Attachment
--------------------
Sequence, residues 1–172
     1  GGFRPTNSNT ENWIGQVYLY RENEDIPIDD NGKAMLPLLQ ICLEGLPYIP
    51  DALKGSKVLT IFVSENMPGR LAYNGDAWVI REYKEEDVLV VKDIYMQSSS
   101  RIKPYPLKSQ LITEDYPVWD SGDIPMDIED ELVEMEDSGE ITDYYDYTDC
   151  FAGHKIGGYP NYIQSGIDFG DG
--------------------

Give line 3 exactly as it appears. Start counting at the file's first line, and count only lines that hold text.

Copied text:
    51  DALKGSKVLT IFVSENMPGR LAYNGDAWVI REYKEEDVLV VKDIYMQSSS